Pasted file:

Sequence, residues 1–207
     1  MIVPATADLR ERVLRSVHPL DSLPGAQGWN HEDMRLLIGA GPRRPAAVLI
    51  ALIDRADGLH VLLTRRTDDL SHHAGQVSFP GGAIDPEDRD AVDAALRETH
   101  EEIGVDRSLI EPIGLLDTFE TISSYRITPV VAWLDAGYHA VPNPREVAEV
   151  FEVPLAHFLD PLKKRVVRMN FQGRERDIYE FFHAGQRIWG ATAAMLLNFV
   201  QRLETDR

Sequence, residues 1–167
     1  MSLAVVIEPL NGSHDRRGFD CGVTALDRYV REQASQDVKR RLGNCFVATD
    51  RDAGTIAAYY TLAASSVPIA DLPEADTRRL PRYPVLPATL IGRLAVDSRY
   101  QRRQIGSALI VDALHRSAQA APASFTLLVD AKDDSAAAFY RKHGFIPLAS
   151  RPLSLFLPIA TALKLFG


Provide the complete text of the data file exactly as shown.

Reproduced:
Sequence, residues 1–207
     1  MIVPATADLR ERVLRSVHPL DSLPGAQGWN HEDMRLLIGA GPRRPAAVLI
    51  ALIDRADGLH VLLTRRTDDL SHHAGQVSFP GGAIDPEDRD AVDAALRETH
   101  EEIGVDRSLI EPIGLLDTFE TISSYRITPV VAWLDAGYHA VPNPREVAEV
   151  FEVPLAHFLD PLKKRVVRMN FQGRERDIYE FFHAGQRIWG ATAAMLLNFV
   201  QRLETDR

Sequence, residues 1–167
     1  MSLAVVIEPL NGSHDRRGFD CGVTALDRYV REQASQDVKR RLGNCFVATD
    51  RDAGTIAAYY TLAASSVPIA DLPEADTRRL PRYPVLPATL IGRLAVDSRY
   101  QRRQIGSALI VDALHRSAQA APASFTLLVD AKDDSAAAFY RKHGFIPLAS
   151  RPLSLFLPIA TALKLFG